The Maryland Department of Natural Resources (DNR) has officially recognized 14-year-old Scott Hartzell Jr. of Easton as the first official state record holder for a Florida pompano. Hartzell caught the 3.375-pound fish on Stone Rock near Tilghman Island.
Hartzell was trolling for bait fish with family and friends when he caught the fish on a gold Clarkspoon — at the end of few tangled fishing lines.
“We weren’t sure what it was,” said Scott Hartzell Sr., the angler’s father. “We’ve caught crazy fish before but never this.”
The Hartzells took a few pictures of the fish, sent them to some friends for identification, and were notified of their rare catch.
A department biologist verified the species as a Florida pompano – Trachinotus carolinus. Its weight was certified at the Cooperative Oxford Laboratory. The fish is commonly found in the warm waters off the Atlantic Ocean and Gulf of Mexico but occasionally moves northward.
“We’ve had a few reports of Florida pompano being caught in the Bay recently and expect to see more,” Recreational Fishing outreach coordinator Erik Zlokovitz said. “We think it’s time for the state to recognize this species as a record catch.”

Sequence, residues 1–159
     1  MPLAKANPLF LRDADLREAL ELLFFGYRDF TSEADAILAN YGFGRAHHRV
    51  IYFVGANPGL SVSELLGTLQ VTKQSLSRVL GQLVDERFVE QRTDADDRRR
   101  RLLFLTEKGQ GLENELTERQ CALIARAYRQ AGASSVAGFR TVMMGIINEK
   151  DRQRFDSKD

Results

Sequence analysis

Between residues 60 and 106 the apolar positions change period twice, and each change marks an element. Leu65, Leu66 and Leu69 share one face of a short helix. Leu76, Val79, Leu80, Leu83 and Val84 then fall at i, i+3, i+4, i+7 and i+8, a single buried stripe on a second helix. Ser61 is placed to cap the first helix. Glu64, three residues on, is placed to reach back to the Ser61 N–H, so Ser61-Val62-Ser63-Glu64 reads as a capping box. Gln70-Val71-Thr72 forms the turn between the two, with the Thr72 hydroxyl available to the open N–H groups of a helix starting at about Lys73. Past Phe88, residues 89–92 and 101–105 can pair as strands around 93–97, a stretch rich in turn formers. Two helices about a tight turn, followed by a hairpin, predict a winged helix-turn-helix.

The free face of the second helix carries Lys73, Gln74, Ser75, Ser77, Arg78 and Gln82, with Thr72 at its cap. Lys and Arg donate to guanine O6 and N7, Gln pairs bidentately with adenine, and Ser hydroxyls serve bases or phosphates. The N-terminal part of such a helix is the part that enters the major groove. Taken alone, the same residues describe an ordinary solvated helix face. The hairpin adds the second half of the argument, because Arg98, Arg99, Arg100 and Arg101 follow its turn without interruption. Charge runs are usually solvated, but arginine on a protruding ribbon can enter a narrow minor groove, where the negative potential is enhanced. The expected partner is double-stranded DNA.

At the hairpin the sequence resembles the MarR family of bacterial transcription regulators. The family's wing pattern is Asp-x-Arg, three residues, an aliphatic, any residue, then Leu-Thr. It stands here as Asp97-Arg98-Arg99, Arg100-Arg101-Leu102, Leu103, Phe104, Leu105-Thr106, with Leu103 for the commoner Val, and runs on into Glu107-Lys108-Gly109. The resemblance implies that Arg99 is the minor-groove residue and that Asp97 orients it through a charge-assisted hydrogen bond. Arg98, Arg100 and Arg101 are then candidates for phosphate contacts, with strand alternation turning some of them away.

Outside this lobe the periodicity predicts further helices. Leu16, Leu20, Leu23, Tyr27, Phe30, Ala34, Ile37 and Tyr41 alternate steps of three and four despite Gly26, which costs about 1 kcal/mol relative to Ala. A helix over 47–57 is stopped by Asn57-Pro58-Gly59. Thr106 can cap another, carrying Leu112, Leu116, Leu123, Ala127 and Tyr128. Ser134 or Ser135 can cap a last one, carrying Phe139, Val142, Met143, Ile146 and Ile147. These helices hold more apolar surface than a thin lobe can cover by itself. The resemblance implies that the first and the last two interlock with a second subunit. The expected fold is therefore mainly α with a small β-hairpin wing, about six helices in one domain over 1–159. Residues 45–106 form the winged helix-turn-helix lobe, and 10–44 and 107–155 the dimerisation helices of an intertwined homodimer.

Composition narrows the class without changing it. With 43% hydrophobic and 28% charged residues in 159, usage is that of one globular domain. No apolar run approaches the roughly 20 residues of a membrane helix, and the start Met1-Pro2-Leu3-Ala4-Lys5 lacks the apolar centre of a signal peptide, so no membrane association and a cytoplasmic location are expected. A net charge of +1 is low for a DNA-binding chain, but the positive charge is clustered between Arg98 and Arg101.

Hartzell’s Florida pompano record is in the Chesapeake Division.
The department maintains state records for sport fish in four divisions – Atlantic, Chesapeake, Nontidal, and Invasive – and awards plaques to anglers who achieve record catches. Fish caught from privately-owned, fee-fishing waters are ineligible for consideration.
Anglers who think they have a potential record catch should download and fill out a state record application and call (443) 569-1381 or (410) 260-8325. The department suggests fish be immersed in ice water to preserve weight until it can be checked, confirmed, and certified.
To view fishing records by division, with photos of the winners and information on weight and date/location caught, visit the Maryland Fishing State Records page through the DNR.